Twenty percent of watermelons never make it to the picnic table. Rather, one in every five is left to ripen and rot in the field, rejected for even the slightest of cosmetic imperfections. But U.S. Department of Agriculture (USDA) researchers may have found a way to elevate these outcasts to an even higher calling than the summer BBQ: biofuel production.

"As consumers, we would not choose that [misshapen or blemished] watermelon if we were in the supermarket," says Wayne Fish of the USDA's Agriculture Research Service's South Central Agricultural Research Laboratory in Lane, Okla., and lead author of a paper on the fruity biofuels idea published today in the journal Biotechnology for Biofuels. "So the growers won't even pick them."

With such a large percentage of their crop simply left to be plowed back into the field, farmers wondered what could be done. "Anything that they can do to add value to the crop is money in their pocket, and could be the difference between a loss for the year and a modest income," Fish says.

After hearing this enough times, the USDA team began to ask themselves: What could watermelon lacking a perfect complexion or physique have to offer? Given a growing biofuel industry, they wondered if the fruit might somehow be turned into fuel.

Ethanol biofuels are created through the breaking down of complex sugars, followed by fermentation. With corn, an increasingly popular biofuel source, the starch must first be treated with special enzymes to break it apart into basic sugar units. Watermelons, on the other hand, naturally harbor simple sugars, allowing more efficient conversion to ethanol.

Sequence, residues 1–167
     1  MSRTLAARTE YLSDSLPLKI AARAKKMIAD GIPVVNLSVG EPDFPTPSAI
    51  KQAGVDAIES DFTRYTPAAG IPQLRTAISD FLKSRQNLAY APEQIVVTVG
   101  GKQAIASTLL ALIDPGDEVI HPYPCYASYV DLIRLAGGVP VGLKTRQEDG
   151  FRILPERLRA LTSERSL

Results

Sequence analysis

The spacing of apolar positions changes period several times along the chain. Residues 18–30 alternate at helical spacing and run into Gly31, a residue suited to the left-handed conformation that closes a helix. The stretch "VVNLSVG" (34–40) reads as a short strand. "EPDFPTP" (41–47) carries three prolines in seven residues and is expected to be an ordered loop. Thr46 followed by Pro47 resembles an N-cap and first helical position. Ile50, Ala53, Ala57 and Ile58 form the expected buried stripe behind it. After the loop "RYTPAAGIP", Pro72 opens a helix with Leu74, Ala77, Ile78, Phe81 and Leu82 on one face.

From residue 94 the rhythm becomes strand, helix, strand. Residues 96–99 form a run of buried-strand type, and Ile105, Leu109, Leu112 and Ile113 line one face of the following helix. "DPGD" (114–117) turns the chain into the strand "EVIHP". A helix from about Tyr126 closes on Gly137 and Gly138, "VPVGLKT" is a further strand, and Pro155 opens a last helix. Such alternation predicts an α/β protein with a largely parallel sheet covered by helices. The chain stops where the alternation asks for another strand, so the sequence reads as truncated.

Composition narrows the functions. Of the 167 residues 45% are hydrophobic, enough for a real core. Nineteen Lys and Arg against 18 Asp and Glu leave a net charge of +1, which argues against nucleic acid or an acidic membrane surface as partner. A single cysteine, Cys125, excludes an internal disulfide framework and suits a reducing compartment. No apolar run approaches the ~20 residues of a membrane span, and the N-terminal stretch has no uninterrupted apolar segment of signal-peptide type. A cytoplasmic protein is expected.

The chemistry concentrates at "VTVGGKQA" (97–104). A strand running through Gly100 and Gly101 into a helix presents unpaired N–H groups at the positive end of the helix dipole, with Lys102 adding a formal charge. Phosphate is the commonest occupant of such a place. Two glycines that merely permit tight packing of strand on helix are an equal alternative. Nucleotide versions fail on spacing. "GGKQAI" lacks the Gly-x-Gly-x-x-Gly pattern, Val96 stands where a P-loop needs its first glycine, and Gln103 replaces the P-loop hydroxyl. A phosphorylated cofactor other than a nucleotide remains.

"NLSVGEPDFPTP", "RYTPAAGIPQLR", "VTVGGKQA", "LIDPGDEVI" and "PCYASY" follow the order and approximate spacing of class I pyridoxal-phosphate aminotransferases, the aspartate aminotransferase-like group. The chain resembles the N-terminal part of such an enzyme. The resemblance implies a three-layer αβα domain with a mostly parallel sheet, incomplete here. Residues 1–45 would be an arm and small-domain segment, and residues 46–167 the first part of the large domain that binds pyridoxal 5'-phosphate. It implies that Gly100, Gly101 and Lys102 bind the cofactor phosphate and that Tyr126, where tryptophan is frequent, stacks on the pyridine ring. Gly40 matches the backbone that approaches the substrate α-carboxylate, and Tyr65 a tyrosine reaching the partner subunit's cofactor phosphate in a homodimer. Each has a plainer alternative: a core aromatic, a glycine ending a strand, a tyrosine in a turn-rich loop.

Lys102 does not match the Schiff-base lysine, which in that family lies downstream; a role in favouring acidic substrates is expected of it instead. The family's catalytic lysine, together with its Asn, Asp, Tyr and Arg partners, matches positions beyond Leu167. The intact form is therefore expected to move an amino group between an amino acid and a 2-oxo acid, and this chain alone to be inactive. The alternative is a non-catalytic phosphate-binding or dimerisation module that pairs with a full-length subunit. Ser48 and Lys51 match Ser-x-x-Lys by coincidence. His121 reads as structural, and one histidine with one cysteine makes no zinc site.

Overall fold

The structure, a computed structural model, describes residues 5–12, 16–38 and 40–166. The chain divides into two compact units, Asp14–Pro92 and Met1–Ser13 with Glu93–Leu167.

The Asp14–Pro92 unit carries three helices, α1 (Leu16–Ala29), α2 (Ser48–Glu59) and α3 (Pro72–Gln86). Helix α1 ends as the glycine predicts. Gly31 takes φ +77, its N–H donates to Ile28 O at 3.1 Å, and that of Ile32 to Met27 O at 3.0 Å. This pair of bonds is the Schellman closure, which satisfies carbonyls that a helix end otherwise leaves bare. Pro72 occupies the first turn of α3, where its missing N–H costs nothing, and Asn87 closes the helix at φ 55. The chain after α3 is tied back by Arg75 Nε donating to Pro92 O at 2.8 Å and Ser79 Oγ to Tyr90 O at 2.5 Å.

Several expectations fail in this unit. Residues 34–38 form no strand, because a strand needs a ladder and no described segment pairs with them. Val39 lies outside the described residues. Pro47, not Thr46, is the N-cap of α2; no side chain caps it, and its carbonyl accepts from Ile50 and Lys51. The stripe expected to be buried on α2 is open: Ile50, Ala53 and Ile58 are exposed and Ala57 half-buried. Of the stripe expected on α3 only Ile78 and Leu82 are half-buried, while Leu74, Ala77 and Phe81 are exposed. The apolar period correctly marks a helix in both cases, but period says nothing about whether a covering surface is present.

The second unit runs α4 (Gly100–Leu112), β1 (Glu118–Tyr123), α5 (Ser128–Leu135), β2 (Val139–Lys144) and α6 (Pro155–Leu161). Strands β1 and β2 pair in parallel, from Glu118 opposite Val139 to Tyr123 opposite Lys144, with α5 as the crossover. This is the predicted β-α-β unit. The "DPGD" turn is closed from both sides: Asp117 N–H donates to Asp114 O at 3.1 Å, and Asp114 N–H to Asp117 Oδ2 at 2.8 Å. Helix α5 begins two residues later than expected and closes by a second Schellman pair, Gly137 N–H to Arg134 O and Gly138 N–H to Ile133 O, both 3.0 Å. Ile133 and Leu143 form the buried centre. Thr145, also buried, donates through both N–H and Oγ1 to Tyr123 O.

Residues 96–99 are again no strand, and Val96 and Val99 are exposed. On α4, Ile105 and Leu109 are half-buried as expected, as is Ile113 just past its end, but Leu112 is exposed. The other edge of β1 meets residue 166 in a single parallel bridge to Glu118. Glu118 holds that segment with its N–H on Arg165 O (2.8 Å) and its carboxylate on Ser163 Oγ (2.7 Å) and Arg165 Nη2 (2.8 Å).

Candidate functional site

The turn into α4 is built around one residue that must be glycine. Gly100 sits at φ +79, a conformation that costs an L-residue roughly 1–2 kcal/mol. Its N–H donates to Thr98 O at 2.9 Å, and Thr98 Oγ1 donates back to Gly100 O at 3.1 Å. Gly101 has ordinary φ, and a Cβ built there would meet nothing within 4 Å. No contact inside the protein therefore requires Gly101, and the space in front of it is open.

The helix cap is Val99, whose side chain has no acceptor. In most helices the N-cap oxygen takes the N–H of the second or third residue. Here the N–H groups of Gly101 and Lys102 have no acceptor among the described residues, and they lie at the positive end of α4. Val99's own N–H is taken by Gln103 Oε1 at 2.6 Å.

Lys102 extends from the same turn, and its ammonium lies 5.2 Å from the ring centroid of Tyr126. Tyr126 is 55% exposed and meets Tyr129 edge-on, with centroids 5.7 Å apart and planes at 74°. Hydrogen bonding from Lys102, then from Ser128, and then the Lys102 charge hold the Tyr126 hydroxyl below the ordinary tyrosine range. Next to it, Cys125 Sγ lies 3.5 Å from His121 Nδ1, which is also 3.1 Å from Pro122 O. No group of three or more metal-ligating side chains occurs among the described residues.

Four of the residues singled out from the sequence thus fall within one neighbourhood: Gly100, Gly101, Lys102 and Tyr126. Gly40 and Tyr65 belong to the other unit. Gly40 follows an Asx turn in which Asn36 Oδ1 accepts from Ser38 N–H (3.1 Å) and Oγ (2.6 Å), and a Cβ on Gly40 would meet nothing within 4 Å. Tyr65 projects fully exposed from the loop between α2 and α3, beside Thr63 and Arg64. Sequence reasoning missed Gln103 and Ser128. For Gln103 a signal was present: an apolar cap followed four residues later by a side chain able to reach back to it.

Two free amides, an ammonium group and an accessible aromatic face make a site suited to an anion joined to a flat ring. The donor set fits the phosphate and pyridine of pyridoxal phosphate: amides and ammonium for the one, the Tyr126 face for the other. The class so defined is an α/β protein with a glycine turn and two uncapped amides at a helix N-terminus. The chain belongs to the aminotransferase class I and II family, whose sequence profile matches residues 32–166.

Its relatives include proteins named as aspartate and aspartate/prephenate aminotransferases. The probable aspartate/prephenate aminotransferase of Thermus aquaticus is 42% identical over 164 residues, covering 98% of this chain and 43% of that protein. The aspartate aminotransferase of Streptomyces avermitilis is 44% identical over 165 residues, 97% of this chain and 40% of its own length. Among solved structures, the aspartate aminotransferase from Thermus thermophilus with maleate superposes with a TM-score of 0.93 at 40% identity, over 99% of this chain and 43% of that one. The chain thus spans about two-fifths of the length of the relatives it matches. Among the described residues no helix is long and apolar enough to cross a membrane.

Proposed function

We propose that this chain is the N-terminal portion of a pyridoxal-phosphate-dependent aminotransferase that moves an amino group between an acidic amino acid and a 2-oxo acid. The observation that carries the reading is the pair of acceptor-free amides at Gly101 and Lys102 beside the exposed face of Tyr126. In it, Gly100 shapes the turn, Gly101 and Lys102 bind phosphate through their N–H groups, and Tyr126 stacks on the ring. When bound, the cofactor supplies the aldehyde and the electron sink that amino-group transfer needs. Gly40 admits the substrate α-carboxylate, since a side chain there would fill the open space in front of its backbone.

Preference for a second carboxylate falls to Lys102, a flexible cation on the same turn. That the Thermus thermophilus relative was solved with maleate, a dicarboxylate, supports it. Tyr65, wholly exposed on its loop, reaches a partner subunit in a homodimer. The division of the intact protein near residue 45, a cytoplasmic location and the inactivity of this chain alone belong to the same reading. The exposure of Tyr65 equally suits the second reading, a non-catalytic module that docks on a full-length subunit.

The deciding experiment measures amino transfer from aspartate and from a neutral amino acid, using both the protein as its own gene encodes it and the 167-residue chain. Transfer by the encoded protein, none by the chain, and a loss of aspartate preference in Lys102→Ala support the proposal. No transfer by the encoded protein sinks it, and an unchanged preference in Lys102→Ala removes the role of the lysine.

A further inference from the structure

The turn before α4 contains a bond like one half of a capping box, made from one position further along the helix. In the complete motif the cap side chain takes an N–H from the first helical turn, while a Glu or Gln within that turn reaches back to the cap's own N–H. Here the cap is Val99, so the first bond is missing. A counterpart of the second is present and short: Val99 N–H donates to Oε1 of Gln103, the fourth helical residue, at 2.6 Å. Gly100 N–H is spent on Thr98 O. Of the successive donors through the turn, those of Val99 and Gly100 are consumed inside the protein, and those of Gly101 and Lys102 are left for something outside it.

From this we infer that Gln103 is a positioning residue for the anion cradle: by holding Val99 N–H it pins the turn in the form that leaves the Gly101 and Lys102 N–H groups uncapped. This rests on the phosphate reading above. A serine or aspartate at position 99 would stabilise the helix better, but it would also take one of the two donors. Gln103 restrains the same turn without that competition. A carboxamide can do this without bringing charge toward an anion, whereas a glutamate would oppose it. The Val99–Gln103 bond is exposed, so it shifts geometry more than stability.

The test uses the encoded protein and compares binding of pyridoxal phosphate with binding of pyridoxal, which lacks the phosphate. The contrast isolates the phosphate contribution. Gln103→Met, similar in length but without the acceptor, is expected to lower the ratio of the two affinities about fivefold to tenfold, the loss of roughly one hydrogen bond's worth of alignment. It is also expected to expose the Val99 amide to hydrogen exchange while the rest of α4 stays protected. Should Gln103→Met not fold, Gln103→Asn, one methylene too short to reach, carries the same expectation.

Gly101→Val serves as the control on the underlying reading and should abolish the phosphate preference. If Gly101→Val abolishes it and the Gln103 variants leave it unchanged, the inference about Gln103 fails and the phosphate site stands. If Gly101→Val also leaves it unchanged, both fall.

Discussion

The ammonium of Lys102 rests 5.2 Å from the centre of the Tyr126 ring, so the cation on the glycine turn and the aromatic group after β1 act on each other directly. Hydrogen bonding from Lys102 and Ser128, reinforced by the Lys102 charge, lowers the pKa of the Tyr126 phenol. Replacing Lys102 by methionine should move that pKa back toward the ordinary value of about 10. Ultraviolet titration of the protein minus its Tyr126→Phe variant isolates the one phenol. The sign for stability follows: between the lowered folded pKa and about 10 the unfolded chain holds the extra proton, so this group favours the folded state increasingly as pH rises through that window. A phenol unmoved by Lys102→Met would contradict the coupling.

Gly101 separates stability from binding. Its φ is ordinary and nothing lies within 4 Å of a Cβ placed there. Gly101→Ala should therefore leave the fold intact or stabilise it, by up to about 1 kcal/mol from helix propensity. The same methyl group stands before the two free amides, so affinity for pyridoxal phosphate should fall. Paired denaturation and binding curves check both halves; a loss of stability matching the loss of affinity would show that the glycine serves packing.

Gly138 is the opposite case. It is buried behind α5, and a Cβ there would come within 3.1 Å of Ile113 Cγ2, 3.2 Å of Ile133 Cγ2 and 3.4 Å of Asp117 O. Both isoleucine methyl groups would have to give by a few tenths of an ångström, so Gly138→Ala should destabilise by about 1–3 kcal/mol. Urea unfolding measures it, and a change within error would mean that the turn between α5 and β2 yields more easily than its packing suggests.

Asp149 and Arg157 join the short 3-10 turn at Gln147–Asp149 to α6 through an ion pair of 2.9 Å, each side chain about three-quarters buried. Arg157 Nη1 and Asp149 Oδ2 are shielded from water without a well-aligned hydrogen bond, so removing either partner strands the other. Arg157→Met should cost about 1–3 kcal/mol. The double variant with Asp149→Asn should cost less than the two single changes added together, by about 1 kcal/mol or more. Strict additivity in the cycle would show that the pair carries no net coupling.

The resulting quantities of fuel are not insignificant. "If you took 10 tons of watermelon—about the amount of culled watermelons per acre—and fermented both the juice from the flesh and the rind, you would get about 115 gallons of ethanol," Fish says. He notes, however, that the fruit's relatively low sugar concentration, about 10 percent, may lend itself to more efficient use as a supplement or dilutant for other biofuel crops.

This juicy precursor to ethanol isn't the only treasure lying under the thick green skin. The watermelon is also rich in the nutrients lycopene—which makes its flesh red—and L-sitrulline. This inspired the researchers' idea of first harvesting these nutrients, and then fermenting the sugary fruit juice into a fuel for use on or off the farm. Between labor and transportation costs, such production may not be practical, but a company in Texas is working on a "mobilized processing system" that can be taken from field to field. Fish predicts a prototype in operation by next year's watermelon crop.

"Instead of taking Mohammad to the mountain," Fish says, "we can take the mountain to Mohammad." And with the world's heaviest watermelon on record weighing in at over 250 pounds, some harvesters may very well feel like they are moving mountains.

Picture by Yasonya via iStockphoto